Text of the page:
Love/Eros Quotes in Phaedrus
Yet how is it reasonable to give away such a thing to someone in so unfortunate a condition — one that no person with experience of it would even try to prevent? For the ones who suffer it agree themselves that they are sick rather than in their right mind, and that they know they are out of their mind but cannot control themselves; so how, when they come to their senses, could they approve of the decisions they make when in this condition? Moreover, if you were to choose the best one out of those in love with you, your choice would be only from a few, while if you chose the most suitable to yourself out of everybody else, you would be choosing from many; so that you would have a much greater expectation of chancing on the man worthy of your affection among the many.
In everything, my boy, there is one starting-point for those who are going to deliberate successfully: they must know what they are deliberating about, or they will inevitably miss their target altogether. Most people are unaware that they do not know what each thing really is. So then, assuming that they know what it is, they fail to reach agreement about it at the beginning of their enquiry, and, having gone forward on this basis, they pay the penalty one would expect: they agree neither with themselves nor with each other. So let us, you and I, avoid having happen to us what we find fault with in others: since the discussion before you and me is whether one should rather enter into friendship with lover or with non-lover, let us establish an agreed definition of love, about what sort of thing it is and what power it possesses, and look to this as our point of reference while we make our enquiry as to whether it brings help or harm.
When I was about to cross the river, my good man, I had that supernatural experience, the sign that I am accustomed to having — on each occasion, you understand, it holds me back from whatever I am about to do — and I seemed to hear a kind of voice from the very spot, forbidding me to leave until I make expiation, because I have committed an offence against what belongs to the gods. Well, I am a seer; not a very good one, but like people who are poor at reading and writing, just good enough for my own purposes; so I already clearly understand what my offence is. For the fact is, my friend, that the soul too is something which has divinatory powers; for something certainly troubled me some while ago as I was making the speech, and I had a certain feeling of unease, as Ibycus says (if I remember rightly), ‘that for offences against the gods, I win renown from all my fellow men’. But now I realize my offence.
[It is not true that] when a lover is there for the having, one should rather grant favors to the one not in love, on the grounds that the first is mad, while the second is sane. That would be rightly said if it were a simple truth that madness is a bad thing; but as it is, the greatest of goods come to us through madness, provided that it is bestowed by divine gift. The prophetess at Delphi, no less, and the priestesses at Dodona do many fine things for Greece when mad, both on a private and on a public level, whereas when sane they achieve little or nothing; and if we speak of the Sibyl and of others who by means of inspired prophecy foretell many things to many people and set them on the right track with respect to the future, we would spin the story out by saying things that are obvious to everyone.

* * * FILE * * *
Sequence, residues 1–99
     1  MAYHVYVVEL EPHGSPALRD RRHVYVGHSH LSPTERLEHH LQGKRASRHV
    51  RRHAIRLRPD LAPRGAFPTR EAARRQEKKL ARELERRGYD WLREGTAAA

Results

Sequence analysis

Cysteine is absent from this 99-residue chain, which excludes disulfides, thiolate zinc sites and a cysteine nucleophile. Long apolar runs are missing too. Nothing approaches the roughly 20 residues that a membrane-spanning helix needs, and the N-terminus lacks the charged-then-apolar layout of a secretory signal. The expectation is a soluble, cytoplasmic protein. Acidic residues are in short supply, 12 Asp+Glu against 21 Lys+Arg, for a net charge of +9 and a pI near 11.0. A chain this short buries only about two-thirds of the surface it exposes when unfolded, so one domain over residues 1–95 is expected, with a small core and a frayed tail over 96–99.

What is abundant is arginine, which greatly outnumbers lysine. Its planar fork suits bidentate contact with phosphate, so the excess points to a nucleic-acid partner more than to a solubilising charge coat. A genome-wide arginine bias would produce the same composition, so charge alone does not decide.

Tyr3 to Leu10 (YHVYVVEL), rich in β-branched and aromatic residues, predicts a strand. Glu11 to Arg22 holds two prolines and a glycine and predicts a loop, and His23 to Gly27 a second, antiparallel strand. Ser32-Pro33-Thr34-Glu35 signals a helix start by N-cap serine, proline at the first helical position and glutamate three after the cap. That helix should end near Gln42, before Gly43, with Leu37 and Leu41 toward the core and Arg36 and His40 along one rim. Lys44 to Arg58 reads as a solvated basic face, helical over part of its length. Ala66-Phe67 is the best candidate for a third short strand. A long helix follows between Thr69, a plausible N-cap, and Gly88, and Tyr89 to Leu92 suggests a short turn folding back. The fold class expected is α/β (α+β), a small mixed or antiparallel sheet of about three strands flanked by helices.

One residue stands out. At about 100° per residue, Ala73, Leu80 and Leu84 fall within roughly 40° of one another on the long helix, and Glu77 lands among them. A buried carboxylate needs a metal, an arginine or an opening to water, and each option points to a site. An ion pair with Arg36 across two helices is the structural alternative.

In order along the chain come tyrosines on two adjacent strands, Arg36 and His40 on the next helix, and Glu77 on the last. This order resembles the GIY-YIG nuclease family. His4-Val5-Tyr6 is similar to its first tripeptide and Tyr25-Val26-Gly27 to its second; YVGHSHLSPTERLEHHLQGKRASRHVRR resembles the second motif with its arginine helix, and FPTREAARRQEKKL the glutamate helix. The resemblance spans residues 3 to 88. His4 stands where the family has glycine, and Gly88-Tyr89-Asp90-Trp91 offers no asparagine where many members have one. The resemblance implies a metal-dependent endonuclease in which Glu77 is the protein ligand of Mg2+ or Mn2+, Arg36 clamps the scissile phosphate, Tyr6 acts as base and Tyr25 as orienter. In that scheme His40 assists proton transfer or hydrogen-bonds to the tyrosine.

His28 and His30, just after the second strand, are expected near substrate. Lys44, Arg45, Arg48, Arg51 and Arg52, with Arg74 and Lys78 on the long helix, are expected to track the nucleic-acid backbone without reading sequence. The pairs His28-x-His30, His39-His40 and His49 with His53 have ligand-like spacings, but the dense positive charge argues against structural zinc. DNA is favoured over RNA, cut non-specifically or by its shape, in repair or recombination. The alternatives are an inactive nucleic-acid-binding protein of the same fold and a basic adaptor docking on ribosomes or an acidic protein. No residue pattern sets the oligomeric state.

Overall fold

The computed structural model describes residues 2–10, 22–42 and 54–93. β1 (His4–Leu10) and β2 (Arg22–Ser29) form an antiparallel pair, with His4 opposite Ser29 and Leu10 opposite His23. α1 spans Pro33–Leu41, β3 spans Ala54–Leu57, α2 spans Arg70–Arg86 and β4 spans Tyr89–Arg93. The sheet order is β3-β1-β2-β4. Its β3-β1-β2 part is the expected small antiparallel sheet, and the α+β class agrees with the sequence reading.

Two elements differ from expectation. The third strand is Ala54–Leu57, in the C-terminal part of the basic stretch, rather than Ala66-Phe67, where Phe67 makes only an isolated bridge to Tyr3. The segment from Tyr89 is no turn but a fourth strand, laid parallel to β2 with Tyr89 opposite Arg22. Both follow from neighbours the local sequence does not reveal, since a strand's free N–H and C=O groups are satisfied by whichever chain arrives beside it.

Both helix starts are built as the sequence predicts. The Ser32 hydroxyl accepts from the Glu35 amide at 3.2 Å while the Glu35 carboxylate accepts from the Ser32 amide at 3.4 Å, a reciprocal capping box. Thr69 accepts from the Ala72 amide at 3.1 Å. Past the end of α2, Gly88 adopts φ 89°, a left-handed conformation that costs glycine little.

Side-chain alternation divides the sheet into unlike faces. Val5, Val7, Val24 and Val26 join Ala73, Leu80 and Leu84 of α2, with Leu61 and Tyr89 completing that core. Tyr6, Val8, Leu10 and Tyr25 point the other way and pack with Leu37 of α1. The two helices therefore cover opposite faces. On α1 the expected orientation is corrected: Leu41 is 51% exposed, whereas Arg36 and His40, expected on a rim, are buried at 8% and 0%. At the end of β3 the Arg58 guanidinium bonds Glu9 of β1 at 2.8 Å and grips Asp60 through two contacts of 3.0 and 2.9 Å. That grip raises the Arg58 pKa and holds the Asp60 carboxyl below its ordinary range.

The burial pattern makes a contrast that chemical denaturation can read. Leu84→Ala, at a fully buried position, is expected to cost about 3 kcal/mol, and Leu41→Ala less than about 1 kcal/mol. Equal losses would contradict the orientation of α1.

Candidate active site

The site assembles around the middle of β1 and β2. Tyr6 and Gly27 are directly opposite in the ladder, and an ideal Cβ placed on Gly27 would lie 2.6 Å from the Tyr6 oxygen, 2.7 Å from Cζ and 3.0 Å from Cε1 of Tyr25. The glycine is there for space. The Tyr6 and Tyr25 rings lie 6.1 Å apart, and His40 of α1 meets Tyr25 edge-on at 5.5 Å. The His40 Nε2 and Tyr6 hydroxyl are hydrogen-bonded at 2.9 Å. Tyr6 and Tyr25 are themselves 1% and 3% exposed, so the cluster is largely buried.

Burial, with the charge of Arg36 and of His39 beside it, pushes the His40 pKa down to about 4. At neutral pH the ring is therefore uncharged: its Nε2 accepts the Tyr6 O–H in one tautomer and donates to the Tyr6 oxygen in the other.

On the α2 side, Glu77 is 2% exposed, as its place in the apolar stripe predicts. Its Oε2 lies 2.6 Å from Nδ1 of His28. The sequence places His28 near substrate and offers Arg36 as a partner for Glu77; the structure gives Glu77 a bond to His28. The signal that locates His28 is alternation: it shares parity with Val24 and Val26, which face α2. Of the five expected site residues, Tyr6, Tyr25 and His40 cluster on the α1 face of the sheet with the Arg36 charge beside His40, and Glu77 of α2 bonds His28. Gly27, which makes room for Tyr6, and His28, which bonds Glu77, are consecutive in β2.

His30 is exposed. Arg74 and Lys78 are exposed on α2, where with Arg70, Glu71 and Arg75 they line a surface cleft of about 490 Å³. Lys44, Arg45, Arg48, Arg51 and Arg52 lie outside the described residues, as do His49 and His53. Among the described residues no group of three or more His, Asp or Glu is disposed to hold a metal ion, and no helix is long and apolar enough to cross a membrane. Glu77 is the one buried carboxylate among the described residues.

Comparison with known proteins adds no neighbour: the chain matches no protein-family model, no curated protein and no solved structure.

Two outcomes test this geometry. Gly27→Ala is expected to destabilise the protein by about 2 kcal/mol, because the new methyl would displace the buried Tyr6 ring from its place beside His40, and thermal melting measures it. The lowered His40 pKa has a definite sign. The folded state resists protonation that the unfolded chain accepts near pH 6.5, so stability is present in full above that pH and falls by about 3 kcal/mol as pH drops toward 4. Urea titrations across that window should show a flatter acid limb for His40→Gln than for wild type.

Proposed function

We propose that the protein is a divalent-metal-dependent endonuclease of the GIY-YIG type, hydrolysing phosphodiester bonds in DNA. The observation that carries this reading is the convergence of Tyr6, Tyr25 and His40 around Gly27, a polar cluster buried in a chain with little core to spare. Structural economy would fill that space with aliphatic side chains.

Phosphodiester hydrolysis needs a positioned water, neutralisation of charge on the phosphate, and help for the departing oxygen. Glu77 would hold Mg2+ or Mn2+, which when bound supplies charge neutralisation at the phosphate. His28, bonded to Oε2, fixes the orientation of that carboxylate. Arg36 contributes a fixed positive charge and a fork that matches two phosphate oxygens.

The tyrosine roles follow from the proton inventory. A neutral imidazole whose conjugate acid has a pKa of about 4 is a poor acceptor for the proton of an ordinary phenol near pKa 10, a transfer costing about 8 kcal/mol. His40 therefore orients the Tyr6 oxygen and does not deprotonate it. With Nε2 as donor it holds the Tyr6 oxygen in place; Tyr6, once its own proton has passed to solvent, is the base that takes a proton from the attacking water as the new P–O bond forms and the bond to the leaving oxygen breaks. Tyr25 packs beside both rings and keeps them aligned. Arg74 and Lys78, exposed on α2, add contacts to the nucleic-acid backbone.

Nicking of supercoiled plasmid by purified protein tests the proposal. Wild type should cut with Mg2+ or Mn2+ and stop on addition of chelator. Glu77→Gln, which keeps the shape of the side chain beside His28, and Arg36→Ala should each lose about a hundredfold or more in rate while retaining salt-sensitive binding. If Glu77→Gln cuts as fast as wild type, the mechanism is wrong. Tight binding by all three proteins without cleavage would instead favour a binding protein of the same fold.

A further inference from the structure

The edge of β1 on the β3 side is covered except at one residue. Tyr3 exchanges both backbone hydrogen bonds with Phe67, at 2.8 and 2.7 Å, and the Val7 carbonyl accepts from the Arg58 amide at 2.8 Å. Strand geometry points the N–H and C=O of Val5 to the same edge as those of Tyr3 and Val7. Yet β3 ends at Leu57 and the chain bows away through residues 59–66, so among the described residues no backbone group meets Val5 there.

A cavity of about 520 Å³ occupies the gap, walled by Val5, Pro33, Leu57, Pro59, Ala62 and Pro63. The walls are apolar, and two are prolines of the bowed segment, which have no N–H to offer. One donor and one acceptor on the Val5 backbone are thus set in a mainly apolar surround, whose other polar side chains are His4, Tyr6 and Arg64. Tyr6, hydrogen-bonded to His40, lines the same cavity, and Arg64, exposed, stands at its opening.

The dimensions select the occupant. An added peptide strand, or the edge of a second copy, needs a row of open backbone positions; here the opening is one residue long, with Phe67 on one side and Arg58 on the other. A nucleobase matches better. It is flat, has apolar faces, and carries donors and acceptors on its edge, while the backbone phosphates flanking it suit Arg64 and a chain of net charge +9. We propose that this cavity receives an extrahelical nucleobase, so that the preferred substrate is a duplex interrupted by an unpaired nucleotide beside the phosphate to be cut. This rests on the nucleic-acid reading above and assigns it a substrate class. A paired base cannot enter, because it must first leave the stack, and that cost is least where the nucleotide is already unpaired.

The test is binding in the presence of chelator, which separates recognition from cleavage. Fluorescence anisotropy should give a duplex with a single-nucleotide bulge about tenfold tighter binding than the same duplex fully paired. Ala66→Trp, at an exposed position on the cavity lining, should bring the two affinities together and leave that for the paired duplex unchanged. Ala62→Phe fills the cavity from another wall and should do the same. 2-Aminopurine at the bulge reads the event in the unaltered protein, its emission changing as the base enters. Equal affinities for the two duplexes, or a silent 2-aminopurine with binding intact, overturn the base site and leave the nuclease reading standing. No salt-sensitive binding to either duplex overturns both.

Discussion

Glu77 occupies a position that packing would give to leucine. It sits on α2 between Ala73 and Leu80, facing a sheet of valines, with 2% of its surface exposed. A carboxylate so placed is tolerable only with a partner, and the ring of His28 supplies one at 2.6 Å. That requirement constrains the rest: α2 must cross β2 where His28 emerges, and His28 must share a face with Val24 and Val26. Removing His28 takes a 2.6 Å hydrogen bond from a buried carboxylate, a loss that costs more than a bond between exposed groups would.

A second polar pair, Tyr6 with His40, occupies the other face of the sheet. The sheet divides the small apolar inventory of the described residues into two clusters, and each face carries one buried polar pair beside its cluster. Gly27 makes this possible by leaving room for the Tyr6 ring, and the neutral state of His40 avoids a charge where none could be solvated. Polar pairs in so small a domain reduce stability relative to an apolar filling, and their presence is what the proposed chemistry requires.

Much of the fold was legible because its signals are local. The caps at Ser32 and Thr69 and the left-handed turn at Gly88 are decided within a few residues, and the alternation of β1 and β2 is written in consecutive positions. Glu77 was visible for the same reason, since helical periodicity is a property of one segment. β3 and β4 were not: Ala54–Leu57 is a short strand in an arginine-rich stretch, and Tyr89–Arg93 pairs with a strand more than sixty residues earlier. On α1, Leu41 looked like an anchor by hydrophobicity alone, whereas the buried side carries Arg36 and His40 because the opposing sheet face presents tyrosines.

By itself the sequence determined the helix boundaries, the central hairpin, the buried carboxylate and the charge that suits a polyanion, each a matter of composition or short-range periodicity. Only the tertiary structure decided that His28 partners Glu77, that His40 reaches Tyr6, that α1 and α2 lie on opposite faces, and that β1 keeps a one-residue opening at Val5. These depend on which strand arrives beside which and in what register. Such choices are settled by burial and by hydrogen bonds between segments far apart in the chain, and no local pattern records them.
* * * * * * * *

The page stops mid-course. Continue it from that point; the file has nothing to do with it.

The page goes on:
When the agreed time comes, and they pretend not to remember, it reminds them; struggling, neighing, pulling, it forces them to approach the beloved again to make the same proposition, and as soon as they are close to him, head down and tail outstretched, teeth clamped on its bit, it pulls shamelessly; but the same thing happens to the charioteer as before, only even more violently, as he falls back as if from a starting barrier; still more violently, he wrenches the bit back and forces it from the teeth of the horse of excess, spattering its evil-speaking tongue and its jaws with blood and, thrusting its legs and haunches to the ground […] When the bad horse has had the same thing happen to it repeatedly and it ceases from its excess, now humbled it allows the charioteer with his foresight to lead, and when it sees the boy in his beauty, it nearly dies of fright; and the result is that then the soul of the lover follows the beloved in reverence and awe.
And then, well, if the better elements of their minds get the upper hand by drawing them to a well-ordered life, and to philosophy, they pass their life here in blessedness and harmony, masters of themselves and orderly in their behavior, having enslaved that part through which badness attempted to enter the soul and having freed that part through which goodness enters; and when they die they become winged and light, and have won one of their three submissions in these, the true Olympic games - and neither human sanity nor divine madness has any greater good to offer a man than this. But if they live a coarser way of life, devoted not to wisdom but to honor, then perhaps, I suppose, when they are drinking or in some other moment of carelessness, the licentious horses in the two of them catch them off their guard, bring them together and make that choice which is called blessed by the many, and carry it through…
These are the blessings, my boy, so great as to be counted divine, that will come to you from the friendship of a lover, in the way I have described; whereas the acquaintance of the one not in love, which is diluted with a merely mortal good sense, dispensing miserly benefits of a mortal kind, engenders in the soul that is the object of its attachment a meanness that, though praised by the many as a virtue, will cause it to wallow mindlessly around the earth and under the earth for nine thousand years.